Can carbon dating solve the MYSTERY of rannikot?

Published February 5, 2017
— Photo by the writer
— Photo by the writer

The huge Rannikot Fort, built with stones and limestone, is a talismanic wonder of the world. Spread over a huge area, on zigzag black and brown hillocks, it has four gates: Sann Gate, Amri Gate, Shah-Pere Gate and Mohan Gate. Defensive entrenchments are built at little distances and are connected with fortified walls and footpaths.

In the surrounding area, there are three other fortresses — Miri Fortress, Sher-Garh Fortress and Mohan Fortress. The cause of constructing the fort here seems to be an abundance of water in this mountainous region. However, it is more plausible that the fort was built for defence and residential purposes.

Historical research indicates that rulers of different times have lived here and repaired it from time to time. Very old coins, terracotta of the Indus civilisation and engraved symbols such as the swastika, the peepal tree leaf, peacock, sunflower, lotus flower, remains of Zoroastrians and Buddhists and arrows from different times have been found here.

But who built it and when, is still a mystery. In the view of some scholars, it was constructed by the Talpur Amirs. However, this account is in dispute — many historians believe that the fort was built before the Kalhora and Talpur rulers.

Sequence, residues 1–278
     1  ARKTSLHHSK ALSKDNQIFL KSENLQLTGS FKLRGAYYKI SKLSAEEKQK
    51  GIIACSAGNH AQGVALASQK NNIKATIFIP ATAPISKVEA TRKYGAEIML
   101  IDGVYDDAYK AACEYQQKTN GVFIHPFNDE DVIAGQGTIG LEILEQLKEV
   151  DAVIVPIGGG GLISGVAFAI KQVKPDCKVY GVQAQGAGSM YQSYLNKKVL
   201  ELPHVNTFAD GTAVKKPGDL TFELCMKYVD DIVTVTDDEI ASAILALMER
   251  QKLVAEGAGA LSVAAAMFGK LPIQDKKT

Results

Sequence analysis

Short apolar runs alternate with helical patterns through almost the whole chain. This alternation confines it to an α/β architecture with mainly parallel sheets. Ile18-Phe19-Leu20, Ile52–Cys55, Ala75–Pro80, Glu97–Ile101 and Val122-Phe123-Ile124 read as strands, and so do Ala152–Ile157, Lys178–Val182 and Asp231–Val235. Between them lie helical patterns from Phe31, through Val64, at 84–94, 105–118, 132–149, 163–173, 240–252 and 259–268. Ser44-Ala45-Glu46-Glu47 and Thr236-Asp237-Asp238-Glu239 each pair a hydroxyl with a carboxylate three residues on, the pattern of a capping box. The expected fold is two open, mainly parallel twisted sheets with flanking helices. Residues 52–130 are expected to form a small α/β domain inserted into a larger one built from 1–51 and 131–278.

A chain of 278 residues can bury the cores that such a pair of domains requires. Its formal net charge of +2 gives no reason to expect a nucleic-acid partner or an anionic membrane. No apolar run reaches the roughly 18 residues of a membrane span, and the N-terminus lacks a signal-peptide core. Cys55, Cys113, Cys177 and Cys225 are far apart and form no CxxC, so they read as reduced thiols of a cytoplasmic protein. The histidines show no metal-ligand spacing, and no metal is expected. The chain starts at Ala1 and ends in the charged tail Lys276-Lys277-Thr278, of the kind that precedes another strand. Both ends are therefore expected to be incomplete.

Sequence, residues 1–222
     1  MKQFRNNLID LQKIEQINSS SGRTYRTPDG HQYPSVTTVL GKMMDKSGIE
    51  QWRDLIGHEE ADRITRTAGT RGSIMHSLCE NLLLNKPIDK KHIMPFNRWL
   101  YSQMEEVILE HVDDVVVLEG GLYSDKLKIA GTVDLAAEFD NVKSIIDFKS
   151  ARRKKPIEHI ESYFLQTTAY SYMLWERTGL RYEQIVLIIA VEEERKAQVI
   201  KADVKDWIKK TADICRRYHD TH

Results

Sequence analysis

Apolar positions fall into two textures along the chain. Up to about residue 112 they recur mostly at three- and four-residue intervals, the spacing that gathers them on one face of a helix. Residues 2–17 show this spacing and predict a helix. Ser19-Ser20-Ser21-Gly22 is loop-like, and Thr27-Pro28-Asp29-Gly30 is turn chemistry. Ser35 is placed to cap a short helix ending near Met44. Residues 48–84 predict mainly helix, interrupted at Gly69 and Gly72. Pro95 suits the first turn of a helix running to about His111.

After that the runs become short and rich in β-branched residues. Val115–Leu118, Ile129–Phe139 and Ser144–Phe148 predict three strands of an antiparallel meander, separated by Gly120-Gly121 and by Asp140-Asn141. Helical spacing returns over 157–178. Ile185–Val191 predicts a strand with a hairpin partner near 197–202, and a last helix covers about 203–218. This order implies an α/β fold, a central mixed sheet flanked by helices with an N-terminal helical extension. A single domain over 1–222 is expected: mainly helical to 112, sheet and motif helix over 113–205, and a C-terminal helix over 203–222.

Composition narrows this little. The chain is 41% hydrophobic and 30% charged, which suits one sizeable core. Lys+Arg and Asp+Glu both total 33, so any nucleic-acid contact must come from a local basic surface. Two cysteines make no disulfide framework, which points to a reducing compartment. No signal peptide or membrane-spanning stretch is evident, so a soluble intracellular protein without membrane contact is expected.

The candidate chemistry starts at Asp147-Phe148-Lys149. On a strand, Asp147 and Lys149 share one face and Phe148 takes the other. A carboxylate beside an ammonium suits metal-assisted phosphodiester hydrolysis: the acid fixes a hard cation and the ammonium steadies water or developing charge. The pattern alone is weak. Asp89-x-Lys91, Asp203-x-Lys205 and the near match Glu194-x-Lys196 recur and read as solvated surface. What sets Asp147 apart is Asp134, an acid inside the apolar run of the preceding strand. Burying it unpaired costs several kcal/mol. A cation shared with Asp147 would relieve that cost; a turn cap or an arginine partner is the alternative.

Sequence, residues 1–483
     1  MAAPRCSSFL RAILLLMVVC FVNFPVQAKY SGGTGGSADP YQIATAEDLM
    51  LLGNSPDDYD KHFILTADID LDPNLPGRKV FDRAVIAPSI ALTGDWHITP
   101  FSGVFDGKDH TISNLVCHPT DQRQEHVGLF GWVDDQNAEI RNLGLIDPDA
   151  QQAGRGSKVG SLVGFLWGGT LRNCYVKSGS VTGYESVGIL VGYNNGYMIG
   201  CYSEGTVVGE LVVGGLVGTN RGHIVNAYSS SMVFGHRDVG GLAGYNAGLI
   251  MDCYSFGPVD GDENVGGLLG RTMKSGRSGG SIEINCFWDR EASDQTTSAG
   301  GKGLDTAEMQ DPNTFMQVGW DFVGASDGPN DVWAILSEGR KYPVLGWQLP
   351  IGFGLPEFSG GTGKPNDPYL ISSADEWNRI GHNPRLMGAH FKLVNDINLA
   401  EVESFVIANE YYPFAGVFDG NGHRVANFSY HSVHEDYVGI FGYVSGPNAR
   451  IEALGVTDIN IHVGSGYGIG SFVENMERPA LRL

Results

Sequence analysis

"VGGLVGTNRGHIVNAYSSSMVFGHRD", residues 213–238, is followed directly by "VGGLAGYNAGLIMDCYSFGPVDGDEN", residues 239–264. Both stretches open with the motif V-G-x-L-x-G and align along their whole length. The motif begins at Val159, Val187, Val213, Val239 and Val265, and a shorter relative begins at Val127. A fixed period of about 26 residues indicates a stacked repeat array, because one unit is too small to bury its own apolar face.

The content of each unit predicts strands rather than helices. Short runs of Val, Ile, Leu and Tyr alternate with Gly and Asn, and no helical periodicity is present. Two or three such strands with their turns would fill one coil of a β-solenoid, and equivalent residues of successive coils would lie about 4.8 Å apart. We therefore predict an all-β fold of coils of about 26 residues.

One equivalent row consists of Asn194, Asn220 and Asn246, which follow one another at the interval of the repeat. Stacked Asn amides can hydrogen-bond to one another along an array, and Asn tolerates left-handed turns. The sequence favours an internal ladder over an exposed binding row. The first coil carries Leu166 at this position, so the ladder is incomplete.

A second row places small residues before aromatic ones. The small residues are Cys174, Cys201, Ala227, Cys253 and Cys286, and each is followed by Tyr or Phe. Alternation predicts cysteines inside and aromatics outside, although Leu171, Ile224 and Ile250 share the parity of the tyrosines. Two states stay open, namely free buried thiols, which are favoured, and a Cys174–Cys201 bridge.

The key to solving this mystery may be carbon dating. While archaeologist Italian Paolo Biagi and Renato Nisbet, an archaeo-botanical researcher, did collect samples for radiocarbon dating in 2009, their choice of sample has been controversial. Nisbet and Biagi took the sample from the Sann Gate which was not a part of the original construction of the Rannikot Fort.

Historians argue that a more accurate date could be determined if material from the Shah-Pere Gate — where the outer repaired wall has crumbled exposing the actual or ancient inner wall — was radiocarbon dated instead. Till this happens, the debate amongst historians about how old Rannikot really is shall continue.

Published in Dawn, Sunday Magazine, February 5th, 2017

Opinion

Editorial

UNGA speech
25 Sep, 2022

UNGA speech

CRISES test a nation’s resilience but also provide opportunities to rise and move forward. Prime Minister Shehbaz...
Dar’s return
Updated 25 Sep, 2022

Dar’s return

Dar will now be expected by his party to conjure up fiscal space for the govt to start spending ahead of the next elections.
Iran hijab protests
25 Sep, 2022

Iran hijab protests

FOR over a week now, Iran has been witnessing considerable tumult after a young woman died earlier this month in the...
Post-flood economy
Updated 24 Sep, 2022

Post-flood economy

WITH a third of the country — especially Sindh and Balochistan — under water, over 33m people displaced, and...
Panadol shortage
24 Sep, 2022

Panadol shortage

FROM headaches to fever to bodily pain — paracetamol is used ubiquitously in Pakistan as the go-to remedy for most...
Star-struck cops
24 Sep, 2022

Star-struck cops

IN this age of selfies and social media, it is easy to get carried away in the presence of famous people, even if ...